Then I found out it was a movie.  And a sci-fi movie, at that.  And suddenly I had lost what little interest I ever had.

I was on Twitter Thursday night when the Sharknado began.  At least three out of every four tweets on my feed were Sharknado-related.  As is often the case when seemingly everyone jumps on the bandwagon of anything, I become even more averse to that thing.

I briefly considered unfollowing everyone who tweeted anything about Sharknado.  "That'll show 'em," I thought to myself, suddenly feeling like someone you'd most often find living in their parents' basement.  But as that would have left me only following about eight people, I decided to pass.

And then...

Someone made the mistake of tweeting something about Ian Ziering being in the movie.

And that's all it took for me to be sucked into the Sharknado.

Yes, while many guys may have been watching to see Tara Reid, I was not among them.  I was watching for the actor who once played the affable Steve Sanders on Beverly Hills 90210.

You see, I have an obligation to watch any and everything featuring any former cast member of the original 90210.  (Except for Andrea. Blech!)  Why else would I have watched even the fifteen minutes I did of Tori & Dean: Inn Love?  Exactly.  There is no other acceptable reason.

For the few of you who may still be reading, er, wondering what Sharknado is, I quote from the ultimate source of all internet knowledge, Wikipedia: "Sharknado is a 2013 made-for-television disaster film about a tornado that lifts sharks out of the ocean and deposits them in Los Angeles."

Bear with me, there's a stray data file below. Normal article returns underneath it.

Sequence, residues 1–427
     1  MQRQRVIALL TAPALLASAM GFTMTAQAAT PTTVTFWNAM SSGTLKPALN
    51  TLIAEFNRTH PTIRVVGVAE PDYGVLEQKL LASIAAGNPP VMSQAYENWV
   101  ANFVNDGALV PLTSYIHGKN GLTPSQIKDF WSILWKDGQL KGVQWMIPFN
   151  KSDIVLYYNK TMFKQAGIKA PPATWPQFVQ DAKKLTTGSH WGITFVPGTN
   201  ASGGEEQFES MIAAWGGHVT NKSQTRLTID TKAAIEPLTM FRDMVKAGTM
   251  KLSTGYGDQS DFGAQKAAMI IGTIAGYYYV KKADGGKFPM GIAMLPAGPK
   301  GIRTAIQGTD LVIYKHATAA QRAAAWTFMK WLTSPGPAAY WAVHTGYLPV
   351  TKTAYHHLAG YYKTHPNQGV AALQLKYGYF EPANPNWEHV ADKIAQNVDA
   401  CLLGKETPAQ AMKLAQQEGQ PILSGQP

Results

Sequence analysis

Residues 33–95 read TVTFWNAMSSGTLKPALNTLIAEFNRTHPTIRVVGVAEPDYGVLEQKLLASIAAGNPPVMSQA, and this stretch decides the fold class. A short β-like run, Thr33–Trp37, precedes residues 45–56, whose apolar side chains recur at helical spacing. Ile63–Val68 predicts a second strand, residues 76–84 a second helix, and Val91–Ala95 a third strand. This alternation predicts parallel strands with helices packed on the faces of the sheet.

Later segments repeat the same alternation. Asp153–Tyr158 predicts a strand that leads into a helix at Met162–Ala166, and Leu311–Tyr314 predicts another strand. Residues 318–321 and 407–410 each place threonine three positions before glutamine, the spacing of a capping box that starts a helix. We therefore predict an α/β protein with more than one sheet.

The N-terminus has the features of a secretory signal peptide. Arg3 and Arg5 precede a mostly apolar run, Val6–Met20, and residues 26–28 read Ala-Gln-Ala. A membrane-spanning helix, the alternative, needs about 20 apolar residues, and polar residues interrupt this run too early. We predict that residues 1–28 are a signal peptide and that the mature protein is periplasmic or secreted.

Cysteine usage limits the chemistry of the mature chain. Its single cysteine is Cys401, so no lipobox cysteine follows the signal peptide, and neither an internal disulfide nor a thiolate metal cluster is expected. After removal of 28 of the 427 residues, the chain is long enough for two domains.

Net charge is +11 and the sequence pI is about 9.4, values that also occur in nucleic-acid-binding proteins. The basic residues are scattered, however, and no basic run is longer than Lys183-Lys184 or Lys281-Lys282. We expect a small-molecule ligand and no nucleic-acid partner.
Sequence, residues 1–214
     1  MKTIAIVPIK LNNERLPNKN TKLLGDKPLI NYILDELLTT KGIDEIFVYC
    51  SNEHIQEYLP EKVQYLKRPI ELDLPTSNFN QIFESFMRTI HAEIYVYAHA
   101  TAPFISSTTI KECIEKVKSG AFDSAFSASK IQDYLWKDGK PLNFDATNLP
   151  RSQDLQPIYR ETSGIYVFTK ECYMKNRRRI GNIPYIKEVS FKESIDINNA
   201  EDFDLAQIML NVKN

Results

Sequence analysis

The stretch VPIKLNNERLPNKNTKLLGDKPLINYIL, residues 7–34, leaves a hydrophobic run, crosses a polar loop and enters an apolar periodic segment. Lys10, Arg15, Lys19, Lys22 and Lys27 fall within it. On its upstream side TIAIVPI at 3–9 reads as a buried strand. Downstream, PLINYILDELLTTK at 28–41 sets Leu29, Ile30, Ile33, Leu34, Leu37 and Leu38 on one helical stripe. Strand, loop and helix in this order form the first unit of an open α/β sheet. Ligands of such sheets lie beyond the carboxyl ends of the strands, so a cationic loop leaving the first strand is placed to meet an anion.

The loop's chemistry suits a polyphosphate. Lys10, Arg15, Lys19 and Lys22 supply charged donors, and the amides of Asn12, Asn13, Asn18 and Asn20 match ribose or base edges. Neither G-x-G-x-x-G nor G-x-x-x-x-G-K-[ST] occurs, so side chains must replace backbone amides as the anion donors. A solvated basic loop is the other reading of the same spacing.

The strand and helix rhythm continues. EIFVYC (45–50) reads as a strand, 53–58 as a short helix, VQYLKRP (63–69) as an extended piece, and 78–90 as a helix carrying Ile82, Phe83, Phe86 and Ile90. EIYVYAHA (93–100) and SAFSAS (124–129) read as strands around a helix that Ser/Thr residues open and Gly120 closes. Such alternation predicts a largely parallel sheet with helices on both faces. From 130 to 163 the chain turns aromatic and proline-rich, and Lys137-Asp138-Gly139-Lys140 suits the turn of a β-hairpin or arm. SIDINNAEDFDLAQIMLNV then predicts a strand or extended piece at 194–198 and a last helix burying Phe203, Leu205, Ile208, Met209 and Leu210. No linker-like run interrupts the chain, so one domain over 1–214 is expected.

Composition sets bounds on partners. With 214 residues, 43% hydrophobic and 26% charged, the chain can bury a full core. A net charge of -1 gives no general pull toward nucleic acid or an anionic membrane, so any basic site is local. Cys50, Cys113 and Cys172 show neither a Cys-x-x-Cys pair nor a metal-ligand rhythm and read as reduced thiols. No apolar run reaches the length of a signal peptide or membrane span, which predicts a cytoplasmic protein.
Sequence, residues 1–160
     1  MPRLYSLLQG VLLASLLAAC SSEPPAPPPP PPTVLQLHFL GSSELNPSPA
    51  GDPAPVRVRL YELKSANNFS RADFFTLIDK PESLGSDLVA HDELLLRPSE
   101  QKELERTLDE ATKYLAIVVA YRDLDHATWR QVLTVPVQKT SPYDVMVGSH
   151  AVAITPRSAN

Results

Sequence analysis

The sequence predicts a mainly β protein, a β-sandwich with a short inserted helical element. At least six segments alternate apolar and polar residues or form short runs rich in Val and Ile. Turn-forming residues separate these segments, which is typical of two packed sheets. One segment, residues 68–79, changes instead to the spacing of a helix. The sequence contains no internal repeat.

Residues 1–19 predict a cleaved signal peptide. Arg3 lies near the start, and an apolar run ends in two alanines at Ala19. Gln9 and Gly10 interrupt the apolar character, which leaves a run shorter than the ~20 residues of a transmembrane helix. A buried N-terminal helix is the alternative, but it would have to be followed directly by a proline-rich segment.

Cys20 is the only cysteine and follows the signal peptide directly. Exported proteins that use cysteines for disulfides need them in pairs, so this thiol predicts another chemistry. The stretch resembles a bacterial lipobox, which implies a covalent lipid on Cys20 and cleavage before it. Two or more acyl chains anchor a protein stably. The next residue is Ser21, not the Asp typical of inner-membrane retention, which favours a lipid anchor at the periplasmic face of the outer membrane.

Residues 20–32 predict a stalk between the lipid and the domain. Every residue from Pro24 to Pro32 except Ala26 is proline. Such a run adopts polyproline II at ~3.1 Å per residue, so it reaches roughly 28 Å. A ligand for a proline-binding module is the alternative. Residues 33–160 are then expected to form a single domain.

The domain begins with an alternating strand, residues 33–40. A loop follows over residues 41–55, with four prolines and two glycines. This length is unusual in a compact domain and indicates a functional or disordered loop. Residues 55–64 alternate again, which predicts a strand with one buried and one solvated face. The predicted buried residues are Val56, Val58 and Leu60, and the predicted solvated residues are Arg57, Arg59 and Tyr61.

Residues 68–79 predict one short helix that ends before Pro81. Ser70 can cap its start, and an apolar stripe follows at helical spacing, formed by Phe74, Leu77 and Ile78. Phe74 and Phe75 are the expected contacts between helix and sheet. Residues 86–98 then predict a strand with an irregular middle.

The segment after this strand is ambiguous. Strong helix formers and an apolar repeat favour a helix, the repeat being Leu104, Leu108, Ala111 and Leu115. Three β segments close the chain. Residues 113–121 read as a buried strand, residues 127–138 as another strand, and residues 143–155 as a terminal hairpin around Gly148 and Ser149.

Sort of a City of Angels meets Jaws meets Twister.

However, Sharknado was much more than just a movie.  It was, simply put, a Twitter phenomenon.  Soon I found myself making sarcastic comments about the movie with people I'd never met.  For two hours, that's all we did.  Even a few members of the Twitterati were chiming in.  It was such an in-the-moment, true-life experience... in a virtual setting, obviously.

In fact, I do hereby declare that from now to forever, all subsequent Twitter phenomena in which more than half of all Tweets in the world at any given moment are about the same topic also be referred to as a "Sharknado."

Some examples: "Boy, Twitter really sharknadoed last night."  "That UFO landing caused Twitter to Sharknado last night."  (Note: There hasn't really been a UFO landing. At least, not that the government will admit.)

For your confusion, I will be using the term "Sharknado" to refer to both the movie and the Twitter phenomena.

The fact that 1.4 million people watched Sharknado probably says more about the lack of halfway-decent summertime TV options than anything else.  Because it was bad.  We're talking  USA-Up-All-Night bad.  But the thing is, it was so bad, it was hilarious.  I would estimate SyFy spent upwards of five, six thousand dollars on the 1960's-era special effects.

What could have made it better?  I have two words for you: Brandon Walsh.  Well, any additional original 90210 characters really.  You telling me "Sure, Donna Martin graduated, but can she survive... the Sharknado?!?!" wouldn't have made a killer tag line?

But I'll take what I can get.  It was nice to see Ian Ziering not be typecast for once.  In Sharknado, his character is a California surfer and bar owner. As opposed to 90210, where his character was a California frat boy and club manager.  (I think we all remember the Peach Pit After Dark.)  So, very different.